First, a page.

Cocoa Covered Almonds and Pumpkin Pie Shakes

Cocoa Covered Almonds and Pumpkin Pie Shakes

Cocoa Covered Almonds (with a KICK!) Ingredients: 2 cups raw almonds 1/4 cup honey 1 tsp. cayenne pepper A pinch of salt 1.5 Tbs. unsweetened cocoa powder 1) Preheat oven to 350 degrees. Line baking sheet with parchment paper. In a small saucepan, heat honey, cayenne, and salt over medium heat. 2) Stir in the almonds and continue to stir until they are completely coated 3) Spread the coated almonds onto the baking sheet in one layer. Roast in the preheated oven for 10 minutes, stirring once or twice to prevent burning. 4) Put the cocoa in a Zip-Lock bag and add the almonds once they have cooled slightly, then shake until almonds are completely coated with cocoa. 5) Store in an airtight container for up to 2 weeks. Pumpkin Pie Shake There’s some interesting research about the health benefits of cinnamon. For most of us, this intense aromatic brings back memories of holidays and freshly baked cinnamon rolls. It has long been used for its medicinal qualities and current research shows some success in controlling blood sugar (great for sugarholics and diabetics!), lowering lipid levels, and lowering LDL cholesterol. However, Cassia cinnamon, which is the variety most commonly found in grocery stores, may be toxic at high levels due to a chemical called coumarin. Ceylon cinnamon, a more expensive and harder to find variety, has the same health benefits but contains less coumarin. Cinnamon is great in baked goods, in cereal, and in shakes, but according to the European Food Safety Authority, limit intake to a teaspoon per day. (Real the full article here) Ingredients: Serves 4 1...
Oat Bran Muffins and Lemon Bars

Oat Bran Muffins and Lemon Bars

Being a certified teacher with DirectionFive, a non-profit culinary and nutrition program for kids, is a pretty sweet job (no pun intended!). I get to teach kids of all ages about a topic I am passionate about, plus I spend the day cooking and eating delicious food. Last week, our team of teachers were at Sonoma Academy in Santa Rosa for their winter intersession. Our stellar group of 15 high school students learned some basic kitchen skills such as how to use a knife properly and how to chiffonade kale leaves. We also talked about the 11 body systems, learned about sustainable agriculture, and toured an organic farm. Below are two of this week’s favorite recipes. Oat Bran Muffins Ingredients: Makes 12 muffins 2 cups oat bran 1/2 cup unbleached sugar (or Sucanat) 2 tsp. baking powder 1 tsp. cinnamon 1/2 tsp. sea salt 1 cup of milk or other non-dairy milk of your choice 3/4 cup apple sauce or pumpkin puree 2 eggs 1 cup apple, grated 1/4 cup pumpkin seeds 1/3 cup almonds, chopped 1/4 cup raisins 1) Preheat oven to 425 degrees and lightly oil a muffin tin or use paper muffin cups. 2) Mix together first 5 ingredients. In a separate bowl mix together milk, apple sauce or pumpkin puree, and eggs. Stir well, then add apple. 3) Combine wet and dry ingredients then add nuts and raisins. 4) Spoon into prepared muffin tin and bake for 15-17 minutes. Lemon Bars Ingredients: 2 cups + 4 Tbs. of all-purpose flour 1/2 cup powdered sugar 1 cup butter, cold 4 eggs lightly beaten 2 cups unbleached...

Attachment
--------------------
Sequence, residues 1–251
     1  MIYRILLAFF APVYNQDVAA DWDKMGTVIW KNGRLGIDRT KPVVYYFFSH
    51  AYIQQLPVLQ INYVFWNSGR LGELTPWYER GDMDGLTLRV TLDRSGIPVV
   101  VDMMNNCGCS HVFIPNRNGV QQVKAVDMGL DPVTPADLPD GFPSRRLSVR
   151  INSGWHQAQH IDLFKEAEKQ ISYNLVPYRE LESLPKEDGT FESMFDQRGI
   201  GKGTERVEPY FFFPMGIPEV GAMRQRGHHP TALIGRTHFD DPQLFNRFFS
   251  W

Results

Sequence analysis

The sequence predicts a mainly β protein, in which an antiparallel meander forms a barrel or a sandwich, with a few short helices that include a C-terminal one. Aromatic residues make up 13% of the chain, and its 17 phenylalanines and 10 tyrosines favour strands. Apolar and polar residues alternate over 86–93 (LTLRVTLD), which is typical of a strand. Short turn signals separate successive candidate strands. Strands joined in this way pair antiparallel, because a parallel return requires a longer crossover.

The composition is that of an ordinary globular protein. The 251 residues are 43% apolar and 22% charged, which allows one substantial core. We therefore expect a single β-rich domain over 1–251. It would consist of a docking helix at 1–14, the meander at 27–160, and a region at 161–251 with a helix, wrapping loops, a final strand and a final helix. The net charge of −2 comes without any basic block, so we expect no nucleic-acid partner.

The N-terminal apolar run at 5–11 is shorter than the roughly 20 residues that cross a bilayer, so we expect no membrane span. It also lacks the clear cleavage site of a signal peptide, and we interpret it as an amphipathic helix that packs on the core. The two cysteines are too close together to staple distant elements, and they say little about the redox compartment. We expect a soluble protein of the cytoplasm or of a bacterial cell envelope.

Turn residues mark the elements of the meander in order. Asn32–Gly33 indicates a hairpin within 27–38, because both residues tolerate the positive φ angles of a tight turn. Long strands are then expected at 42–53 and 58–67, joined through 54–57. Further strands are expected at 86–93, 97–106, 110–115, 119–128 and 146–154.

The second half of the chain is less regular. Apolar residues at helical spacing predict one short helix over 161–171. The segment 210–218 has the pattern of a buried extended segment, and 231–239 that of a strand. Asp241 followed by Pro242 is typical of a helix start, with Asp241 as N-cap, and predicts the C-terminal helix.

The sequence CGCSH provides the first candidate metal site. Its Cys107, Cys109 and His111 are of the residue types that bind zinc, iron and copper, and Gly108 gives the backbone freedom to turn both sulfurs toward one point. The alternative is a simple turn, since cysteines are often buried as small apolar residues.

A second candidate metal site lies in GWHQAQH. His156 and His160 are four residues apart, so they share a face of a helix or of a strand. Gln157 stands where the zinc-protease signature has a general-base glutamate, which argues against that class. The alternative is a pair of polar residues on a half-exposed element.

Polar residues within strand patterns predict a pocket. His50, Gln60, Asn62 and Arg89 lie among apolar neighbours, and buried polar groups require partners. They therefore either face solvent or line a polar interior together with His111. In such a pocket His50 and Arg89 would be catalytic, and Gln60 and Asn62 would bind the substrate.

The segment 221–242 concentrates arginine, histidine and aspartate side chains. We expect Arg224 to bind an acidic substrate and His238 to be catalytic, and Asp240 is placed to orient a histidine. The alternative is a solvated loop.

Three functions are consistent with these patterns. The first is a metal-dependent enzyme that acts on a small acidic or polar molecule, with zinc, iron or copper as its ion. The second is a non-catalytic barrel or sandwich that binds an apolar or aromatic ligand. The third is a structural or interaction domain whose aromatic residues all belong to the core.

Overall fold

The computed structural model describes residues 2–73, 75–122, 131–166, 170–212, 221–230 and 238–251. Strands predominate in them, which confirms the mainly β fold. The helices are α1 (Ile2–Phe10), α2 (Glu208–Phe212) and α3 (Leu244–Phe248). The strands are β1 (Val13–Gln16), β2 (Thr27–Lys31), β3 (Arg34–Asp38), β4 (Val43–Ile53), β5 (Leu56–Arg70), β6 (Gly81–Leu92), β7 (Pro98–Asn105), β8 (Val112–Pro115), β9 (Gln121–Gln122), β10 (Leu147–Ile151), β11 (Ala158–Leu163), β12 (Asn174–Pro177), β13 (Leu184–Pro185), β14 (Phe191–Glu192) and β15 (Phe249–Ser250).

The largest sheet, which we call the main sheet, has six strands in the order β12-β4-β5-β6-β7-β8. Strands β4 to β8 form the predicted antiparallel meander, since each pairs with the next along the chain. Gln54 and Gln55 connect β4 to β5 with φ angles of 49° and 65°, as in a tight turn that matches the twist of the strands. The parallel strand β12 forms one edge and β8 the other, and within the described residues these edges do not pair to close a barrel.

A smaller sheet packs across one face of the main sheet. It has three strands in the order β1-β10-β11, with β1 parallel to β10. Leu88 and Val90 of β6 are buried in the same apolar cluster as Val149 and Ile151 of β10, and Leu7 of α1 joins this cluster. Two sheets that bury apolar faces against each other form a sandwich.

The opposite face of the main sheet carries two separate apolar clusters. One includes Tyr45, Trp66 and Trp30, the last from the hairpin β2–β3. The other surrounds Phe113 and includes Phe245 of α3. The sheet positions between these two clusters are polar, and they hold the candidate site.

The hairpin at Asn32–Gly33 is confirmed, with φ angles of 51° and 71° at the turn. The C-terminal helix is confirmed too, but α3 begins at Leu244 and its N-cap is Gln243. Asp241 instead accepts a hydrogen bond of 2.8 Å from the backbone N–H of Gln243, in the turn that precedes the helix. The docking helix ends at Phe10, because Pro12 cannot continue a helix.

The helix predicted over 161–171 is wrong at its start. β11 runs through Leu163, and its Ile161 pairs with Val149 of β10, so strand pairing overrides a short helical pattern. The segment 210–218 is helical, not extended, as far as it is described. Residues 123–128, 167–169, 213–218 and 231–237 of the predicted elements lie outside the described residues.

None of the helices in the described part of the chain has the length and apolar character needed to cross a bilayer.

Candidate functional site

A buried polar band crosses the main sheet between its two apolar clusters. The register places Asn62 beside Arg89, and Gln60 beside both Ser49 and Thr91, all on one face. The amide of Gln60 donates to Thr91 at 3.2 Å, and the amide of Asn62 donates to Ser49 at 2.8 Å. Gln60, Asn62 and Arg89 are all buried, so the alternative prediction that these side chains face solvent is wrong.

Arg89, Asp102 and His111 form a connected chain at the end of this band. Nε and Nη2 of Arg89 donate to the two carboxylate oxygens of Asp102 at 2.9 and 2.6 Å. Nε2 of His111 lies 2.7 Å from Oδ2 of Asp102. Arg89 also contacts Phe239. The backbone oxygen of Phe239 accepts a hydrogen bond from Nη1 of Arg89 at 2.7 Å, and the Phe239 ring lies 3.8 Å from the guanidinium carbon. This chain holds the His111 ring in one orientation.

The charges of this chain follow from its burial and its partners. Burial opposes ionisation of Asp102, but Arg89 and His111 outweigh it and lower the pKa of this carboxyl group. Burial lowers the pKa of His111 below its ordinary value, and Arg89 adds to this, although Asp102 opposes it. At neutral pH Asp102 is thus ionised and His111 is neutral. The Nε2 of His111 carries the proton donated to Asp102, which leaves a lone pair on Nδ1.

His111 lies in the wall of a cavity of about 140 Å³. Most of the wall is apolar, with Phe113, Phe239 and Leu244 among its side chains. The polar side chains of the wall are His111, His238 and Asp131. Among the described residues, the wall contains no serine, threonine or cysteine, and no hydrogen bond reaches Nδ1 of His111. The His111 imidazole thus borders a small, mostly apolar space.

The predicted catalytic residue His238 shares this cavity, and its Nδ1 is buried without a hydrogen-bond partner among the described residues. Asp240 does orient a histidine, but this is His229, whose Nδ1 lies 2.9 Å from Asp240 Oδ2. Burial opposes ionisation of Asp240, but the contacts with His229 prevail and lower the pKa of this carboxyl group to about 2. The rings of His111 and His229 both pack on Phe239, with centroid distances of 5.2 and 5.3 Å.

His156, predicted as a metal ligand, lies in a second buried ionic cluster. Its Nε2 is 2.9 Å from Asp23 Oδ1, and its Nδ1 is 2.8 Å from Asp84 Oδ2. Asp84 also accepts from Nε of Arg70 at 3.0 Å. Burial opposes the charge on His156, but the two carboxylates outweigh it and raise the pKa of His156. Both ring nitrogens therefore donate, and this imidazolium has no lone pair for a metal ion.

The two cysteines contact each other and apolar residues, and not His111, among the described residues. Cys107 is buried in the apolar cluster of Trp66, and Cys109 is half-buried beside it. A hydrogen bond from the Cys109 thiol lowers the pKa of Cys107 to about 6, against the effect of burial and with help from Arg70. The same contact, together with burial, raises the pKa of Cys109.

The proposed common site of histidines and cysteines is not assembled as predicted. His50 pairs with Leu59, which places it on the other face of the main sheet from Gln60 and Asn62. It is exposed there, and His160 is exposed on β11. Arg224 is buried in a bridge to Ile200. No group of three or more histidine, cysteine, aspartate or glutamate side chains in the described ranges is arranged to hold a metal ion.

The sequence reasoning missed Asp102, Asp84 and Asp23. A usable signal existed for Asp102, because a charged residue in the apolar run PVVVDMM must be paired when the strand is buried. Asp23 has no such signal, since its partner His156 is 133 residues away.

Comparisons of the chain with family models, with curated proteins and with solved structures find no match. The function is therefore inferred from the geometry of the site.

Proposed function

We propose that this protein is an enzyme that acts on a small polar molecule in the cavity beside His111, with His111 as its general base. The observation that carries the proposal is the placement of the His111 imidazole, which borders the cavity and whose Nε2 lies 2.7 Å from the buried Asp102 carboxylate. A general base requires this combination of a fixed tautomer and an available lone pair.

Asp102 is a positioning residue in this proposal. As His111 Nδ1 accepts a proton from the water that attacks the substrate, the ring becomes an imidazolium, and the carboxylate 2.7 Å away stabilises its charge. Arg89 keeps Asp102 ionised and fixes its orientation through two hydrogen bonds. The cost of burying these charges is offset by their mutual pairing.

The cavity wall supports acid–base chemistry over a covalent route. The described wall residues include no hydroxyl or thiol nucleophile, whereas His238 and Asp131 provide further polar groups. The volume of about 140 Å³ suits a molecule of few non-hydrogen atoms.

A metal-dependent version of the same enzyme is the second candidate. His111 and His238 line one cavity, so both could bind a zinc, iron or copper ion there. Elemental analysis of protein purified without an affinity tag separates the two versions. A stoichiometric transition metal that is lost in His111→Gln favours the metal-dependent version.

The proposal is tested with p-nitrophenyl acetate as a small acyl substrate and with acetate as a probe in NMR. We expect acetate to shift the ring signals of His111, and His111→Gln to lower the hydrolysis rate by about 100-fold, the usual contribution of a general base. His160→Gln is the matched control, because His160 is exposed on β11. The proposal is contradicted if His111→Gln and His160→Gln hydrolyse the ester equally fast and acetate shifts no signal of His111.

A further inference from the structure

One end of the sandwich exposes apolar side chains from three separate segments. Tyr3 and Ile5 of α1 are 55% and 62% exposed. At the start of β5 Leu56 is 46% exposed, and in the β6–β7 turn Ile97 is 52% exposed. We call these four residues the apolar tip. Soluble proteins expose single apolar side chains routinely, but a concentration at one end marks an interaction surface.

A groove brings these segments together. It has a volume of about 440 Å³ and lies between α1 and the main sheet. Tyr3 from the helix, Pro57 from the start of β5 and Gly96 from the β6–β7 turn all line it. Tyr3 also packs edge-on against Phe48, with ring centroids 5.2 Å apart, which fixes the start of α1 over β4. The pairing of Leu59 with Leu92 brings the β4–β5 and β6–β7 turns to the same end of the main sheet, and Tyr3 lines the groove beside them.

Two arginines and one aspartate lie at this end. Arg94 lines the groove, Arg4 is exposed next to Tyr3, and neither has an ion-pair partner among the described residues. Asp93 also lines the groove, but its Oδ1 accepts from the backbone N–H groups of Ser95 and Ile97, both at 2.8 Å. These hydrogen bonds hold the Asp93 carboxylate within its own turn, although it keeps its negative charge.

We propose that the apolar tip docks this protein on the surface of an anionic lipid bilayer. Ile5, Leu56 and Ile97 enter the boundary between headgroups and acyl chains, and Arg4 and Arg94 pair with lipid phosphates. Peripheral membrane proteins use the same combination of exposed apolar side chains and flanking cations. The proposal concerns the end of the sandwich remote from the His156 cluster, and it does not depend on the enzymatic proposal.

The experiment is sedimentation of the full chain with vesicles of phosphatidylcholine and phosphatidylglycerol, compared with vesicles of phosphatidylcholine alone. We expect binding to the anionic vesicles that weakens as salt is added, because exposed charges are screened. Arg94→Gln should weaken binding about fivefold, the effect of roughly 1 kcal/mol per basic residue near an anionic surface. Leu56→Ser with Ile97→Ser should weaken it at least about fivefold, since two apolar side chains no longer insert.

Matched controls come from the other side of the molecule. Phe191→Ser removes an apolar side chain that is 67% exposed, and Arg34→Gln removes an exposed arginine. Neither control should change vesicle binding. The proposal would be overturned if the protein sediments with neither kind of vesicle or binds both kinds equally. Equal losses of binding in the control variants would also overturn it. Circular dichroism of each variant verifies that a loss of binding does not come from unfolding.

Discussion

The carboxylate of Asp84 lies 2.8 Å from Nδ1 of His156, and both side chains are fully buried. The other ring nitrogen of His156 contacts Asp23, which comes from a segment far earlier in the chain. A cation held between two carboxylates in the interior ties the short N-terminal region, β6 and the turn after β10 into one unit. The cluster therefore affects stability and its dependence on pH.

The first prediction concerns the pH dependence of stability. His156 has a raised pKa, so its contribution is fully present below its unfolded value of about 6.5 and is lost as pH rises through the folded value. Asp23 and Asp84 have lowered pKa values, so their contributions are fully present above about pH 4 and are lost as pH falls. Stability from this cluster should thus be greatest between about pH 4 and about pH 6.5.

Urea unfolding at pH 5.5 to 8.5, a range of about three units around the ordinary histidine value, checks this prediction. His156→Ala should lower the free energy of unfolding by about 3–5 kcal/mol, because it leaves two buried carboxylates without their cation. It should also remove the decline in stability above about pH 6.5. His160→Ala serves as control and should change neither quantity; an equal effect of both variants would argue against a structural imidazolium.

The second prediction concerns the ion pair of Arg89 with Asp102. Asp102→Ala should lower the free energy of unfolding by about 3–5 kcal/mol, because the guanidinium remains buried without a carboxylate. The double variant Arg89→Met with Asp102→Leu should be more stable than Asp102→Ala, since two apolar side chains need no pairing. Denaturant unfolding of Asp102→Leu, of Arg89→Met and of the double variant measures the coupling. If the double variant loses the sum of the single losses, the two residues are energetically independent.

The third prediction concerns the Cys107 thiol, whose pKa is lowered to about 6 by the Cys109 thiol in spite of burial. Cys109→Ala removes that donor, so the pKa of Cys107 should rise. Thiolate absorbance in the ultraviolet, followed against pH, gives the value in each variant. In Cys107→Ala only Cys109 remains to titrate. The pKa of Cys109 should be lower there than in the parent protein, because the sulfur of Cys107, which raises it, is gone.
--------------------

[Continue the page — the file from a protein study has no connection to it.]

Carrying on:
Broccoli Slaw and Sage-Roasted Veggies

Broccoli Slaw and Sage-Roasted Veggies

Broccoli Slaw Sweet, sour, crunchy, and refreshing- this side dish is a great way to incorporate raw broccoli in your repertoire. Ingredients: 3 heads of broccoli 1/2 cup plain Greek yogurt (or 1/4 cup Greek yogurt + 1/4 cup mayo) 1 lemon, juiced 3 Tbs. cider vinegar 2 Tbs. honey 1 small shallot, thinly cut in to half moons 1/3 cup dried cranberries 1/3 cup slivered almonds, toasted Salt & pepper to taste Wash broccoli and cut the stems off, leaving 1-2 inches from the top (the stems, when tender, are delicious). Mince all the broccoli in to small pieces. In a small bowl, whisk yogurt, lemon, vinegar, and honey together until thoroughly blended. Combine the broccoli with the dressing, then add the remaining ingredients. Season with salt and pepper. Sage-Roasted Veggies My version of comfort food… Ingredients: 1 acorn squash 1 sweet potato 1 yellow onion 3 large carrots 4 fresh sage leaves, minced (or 2 tsp. dried) 1 Tbs. paprika Extra virgin olive oil Salt & pepper 1) Cut acorn squash in half length-wise, scoop out seeds, then cut into wedges about 1/2-inch thick (you can cook and serve acorn squash with it’s skin on even though it’s not edible). 2) Cut sweet potatoes and carrots into about 1-inch square chunks. 3) Peel onion, chop in half length-wise and cut into thin half moons.  4) Add chopped vegetables to a large baking pan then drizzle with olive oil until lightly coated. Add sage, paprika, and a shake of salt and pepper. Toss together, arrange in a single layer, and bake uncovered at 350 degrees for 35-45 minutes, or until all veggies are soft...